1. Unemployment is down across the country. However caution should be exercised as a person is considered “employed” if they have worked only 1 paid hour in a given week.
  2. Migration across the country is at its lowest rate since World War II. Despite this, the southeast has had good population growth.
  3. GDP is expected to grow 1% in 2017 and 2.7% growth is projected for 2018.
  4. The inflation rate has been temporarily depressed due to a flood of merchandise requiring liquidation for retail store closings – this is temporary.
  5. Tax reforms are projected as the GOP needs something for mid-term elections.
  6. Two interest rate hikes are expected for 2017.
  7. Manufacturing has gained momentum.
  8. The Carolinas are one of the fastest growing areas in the country; however the growth is concentrated in the MSAs (Metropolitan Statistical Areas) and along the coast.
  9. Nationwide, 15 urban areas have accounted for almost all multi-family construction since the recession ended.
  10. Home ownership is projected to increase for the next 10 years as the millennial cohort average age reaches 37 years. This is the age where home ownership really takes off.
  11. From 2010 to 2016, 150,000 people have moved to Charlotte.
  12. Retirees are moving to the Carolinas in increasing numbers. 10 more years of strong growth for retirees is projected for the Carolinas. The Wilmington MSA has had the strongest growth.
  13. 105,000 jobs are forecast to be added to the Carolinas in 2017.
  14. The South Carolina single-family home market has recovered well and is not at pre-recession levels.
  15. The North Carolina single-family home market is more anemic as it is only 2/3 of pre-recession levels.
  16. HB2 did not have much of an immediate impact on job growth. The impact probably won’t be seen in statistical numbers until 2018 – 2019 due to the lethargy of corporate relocations.
  17. Mixed-use retail is doing really well. However, growing online retail sales are projected to deeply impact retail centers with an increasing pace of center closures expected.

In general, we are very fortunate to live in the Carolinas. The economy is humming along and indications are the immediate future will be bright.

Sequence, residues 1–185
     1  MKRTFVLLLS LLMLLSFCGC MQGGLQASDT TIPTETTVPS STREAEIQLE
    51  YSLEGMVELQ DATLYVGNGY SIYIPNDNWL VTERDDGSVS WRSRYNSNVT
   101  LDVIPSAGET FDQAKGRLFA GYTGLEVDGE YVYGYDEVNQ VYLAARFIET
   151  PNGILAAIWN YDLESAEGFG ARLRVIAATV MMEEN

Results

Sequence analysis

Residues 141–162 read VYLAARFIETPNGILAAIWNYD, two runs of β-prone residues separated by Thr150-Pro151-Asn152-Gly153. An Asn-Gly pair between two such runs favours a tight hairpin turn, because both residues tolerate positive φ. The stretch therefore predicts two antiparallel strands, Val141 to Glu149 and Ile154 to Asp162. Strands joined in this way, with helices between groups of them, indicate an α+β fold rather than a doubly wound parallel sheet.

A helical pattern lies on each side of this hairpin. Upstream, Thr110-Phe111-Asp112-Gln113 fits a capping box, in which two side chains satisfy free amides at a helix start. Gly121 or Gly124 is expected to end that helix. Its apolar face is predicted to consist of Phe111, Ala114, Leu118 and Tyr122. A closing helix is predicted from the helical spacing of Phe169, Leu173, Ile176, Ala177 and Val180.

does your hotel have a 'we' space?

Does Your Building Have a “We” Space?

When the general public became familiar with the internet in the early 1990’s, change seemed inevitable. What no one knew was how granular and ubiquitous those changes would become.

A prime example of this is social media. Through Facebook and Twitter (and countless other sites), we can tell the world as much or as little about ourselves as we want, while becoming entrenched in other people’s lives at the same time. We’ve become incredibly nosey, living a private life in a public (virtual) space, and expecting the same from others.

What is a “We” Space?

While living a private life in the public space started virtually, the phenomenon is now manifesting itself in the real world. It’s called the We Space trend.

A hotel is the perfect example of a We Space in action. Gone are the days when the hotel lobby’s main function was to check guests in and out. It’s been remade into a large, open expanse with Wi-Fi, electrical plugs, and food and drink. The tastefully decorated lobby invites the business traveler to pull out his laptop, order dinner, and work. It invites the soccer parents to meet and socialize between tournament games while their soccer stars huddle with their teammates and play on their phones. It’s where teenagers go to escape the watchful eye of their guardians and to be alone in a public place.

The We space trend isn’t limited to the hotel lobby, it’s also evident in the exercise room. No longer an afterthought tossed in the basement or tucked in the back corner next to linen storage, exercise rooms have become larger, brighter, and command a prominent location. They offer multiple TV’s with the ability to stream your favorite workout, allowing you to do your own thing among everyone else—who are also doing their own thing.

Another hotel We Space is the rooftop. While people like to socialize in bars, they LOVE to socialize in high places with a view. Operators have discovered that the revenue generated by rooftop bars and restaurants far outweighs the additional construction costs of those spaces.

Your Business Needs a “We” Space

Savvy owners and operators are starting to jump on the We Space trend and incorporate it into their hotels to increase guest satisfaction and generate more revenue. If you own a hotel, now is the time to add a gathering space or risk losing out on business. If the social media trend is any indication, We Spaces are about to become more popular than ever.